Franklin D. Roosevelt

Radio Address on the Eighth Year of the New Deal Agricultural Policy.

March 08, 1941

I am glad to be able to take part again in this anniversary celebration. Eight long years ago today I sent out a call for farmers and farm leaders to come to Washington to help draft farm legislation to meet the emergency; and that meeting led directly to the national farm programs that we now have.

Farmers did their work well. Agriculture was almost helpless, as we remember, before the emergencies of 1933 but in September, 1939, when another crisis confronted us, the crisis of the second World War, farming was far better prepared.

The reasons for the favorable position of agriculture in the late summer of 1939 are not hard to find. Agriculture probably suffered more than any other industry from the shortsighted national policies that followed the end of the first World War. When the farmers arrived here in response to my call of March 8, 1933, I found a group eager for action and ready to lay aside minor differences. They knew that there was no time to lose.

So when the second World War began a year and a half ago, the farm programs inaugurated in 1933 served as what might be called shock-absorbers for agriculture. We had no repetition of the "Buy-a-Bale" movement and other ineffective proposals for farm relief that followed August of 1914.

Today there is no call to plow up the plains. American agriculture is in splendid condition to play its full part in the program of national defense. Our granaries are full. Our stores of food and fiber are adequate to meet our own needs at home—yes, and the needs of our friends in the other lands now fighting for their existence—fighting in behalf of all democratic forms of government, fighting against world control by dictatorships.

The country is glad that there are no bottlenecks in our agricultural production. The farm front is ready for any demand of total defense.

It is no accident that the farmers of our country stand ready to serve in the severe trial ahead of us. Their preparedness is the fruit of their own voluntary, concerted efforts, stretching back over all these years.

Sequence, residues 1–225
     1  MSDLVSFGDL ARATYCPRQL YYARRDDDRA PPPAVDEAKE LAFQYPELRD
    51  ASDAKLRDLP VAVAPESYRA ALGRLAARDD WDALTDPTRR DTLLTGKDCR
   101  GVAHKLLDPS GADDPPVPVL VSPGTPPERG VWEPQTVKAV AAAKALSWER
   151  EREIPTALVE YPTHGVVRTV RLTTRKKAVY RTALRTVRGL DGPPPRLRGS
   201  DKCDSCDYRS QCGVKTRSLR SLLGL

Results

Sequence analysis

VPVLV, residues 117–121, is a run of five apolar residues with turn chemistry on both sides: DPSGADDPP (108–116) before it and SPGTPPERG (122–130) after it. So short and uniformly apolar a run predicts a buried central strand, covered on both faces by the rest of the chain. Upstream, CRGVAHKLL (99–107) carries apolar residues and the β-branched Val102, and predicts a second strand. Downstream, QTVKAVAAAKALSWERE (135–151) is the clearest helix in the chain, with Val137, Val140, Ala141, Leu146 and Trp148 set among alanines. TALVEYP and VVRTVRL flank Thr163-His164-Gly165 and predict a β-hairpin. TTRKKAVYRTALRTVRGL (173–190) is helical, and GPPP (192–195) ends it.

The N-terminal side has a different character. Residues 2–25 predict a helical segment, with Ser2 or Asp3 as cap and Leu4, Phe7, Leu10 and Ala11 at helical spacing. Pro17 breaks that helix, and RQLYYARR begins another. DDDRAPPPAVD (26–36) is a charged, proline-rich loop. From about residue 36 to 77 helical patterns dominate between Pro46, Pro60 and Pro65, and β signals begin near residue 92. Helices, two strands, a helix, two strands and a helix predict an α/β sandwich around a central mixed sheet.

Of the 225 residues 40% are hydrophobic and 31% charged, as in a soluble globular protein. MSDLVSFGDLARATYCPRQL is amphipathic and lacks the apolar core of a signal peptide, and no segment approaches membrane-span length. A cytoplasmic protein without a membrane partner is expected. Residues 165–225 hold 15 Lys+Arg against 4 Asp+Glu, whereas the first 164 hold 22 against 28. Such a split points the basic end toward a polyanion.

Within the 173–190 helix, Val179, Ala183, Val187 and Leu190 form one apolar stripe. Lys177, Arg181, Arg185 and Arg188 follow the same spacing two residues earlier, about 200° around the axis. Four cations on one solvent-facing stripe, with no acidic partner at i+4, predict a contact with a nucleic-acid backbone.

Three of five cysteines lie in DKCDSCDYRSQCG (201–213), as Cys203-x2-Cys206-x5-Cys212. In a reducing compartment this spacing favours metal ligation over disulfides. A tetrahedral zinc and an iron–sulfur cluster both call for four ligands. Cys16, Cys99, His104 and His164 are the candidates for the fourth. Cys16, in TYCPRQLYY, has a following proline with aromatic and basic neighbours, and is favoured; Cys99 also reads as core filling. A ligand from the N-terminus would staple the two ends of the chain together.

These efforts are embodied in national farm programs, conceived by the farmers and administered by the farmers.

To me the story of that achievement is a genuine inspiration. Back in 1933, farmers balked at the philosophy of fear and inaction. Assisted by their Government, they came together and began to work together to solve some of these difficulties. Through their programs they have raised farm income. They are conserving their soil. They are rehabilitating poverty-stricken farmers. The farm front is a broad one but national programs for agriculture touch every part of this front, in every part of the land.

Six million farmers cooperating in these national programs are helping to give the answer to those who question the future of democracy. I am well aware that these programs have not solved all the farm problems. Out of the present war have arisen new difficulties and new demands. The postwar world will be 'different in many ways from the world that we knew before September, 1939. But given a sympathetic national administration, farmers can meet these postwar problems as they met the problems of 1933. They can achieve the equality they must have if they are to make their proper contribution to the national defense and to the American way of life.

It is the fate of this common life that weighs upon all our hearts tonight. And it may interest you to know that only a few hours ago the Senate passed, by a vote of about two to one, the Lend-Lease Bill for aid to the democracies of the world that are trying to save their democracy. The farmer, no less than the businessman and the workman, has his eyes turned to the world situation.

Democracy over large areas of the Old World is threatened with extinction. And no democratic farm program in the United States, nor the democratic way of life here, can hope to survive the death of democracy over the rest of the earth.

We cannot escape our collective responsibility for the kind of life that is going to emerge from the ordeal through which the world is passing today. We cannot be an island. We may discharge that responsibility unwisely but we cannot escape the consequences of our choice. We would have it a world in which we may live in peace, live in freedom, live in security- the kind of world our farmer forefathers dreamed of and worked for as they settled the old Atlantic seaboard and pushed their way into the West. I am confident that the farmers of 1941 want this kind of world to survive.

Franklin D. Roosevelt, Radio Address on the Eighth Year of the New Deal Agricultural Policy. Online by Gerhard Peters and John T. Woolley, The American Presidency Project

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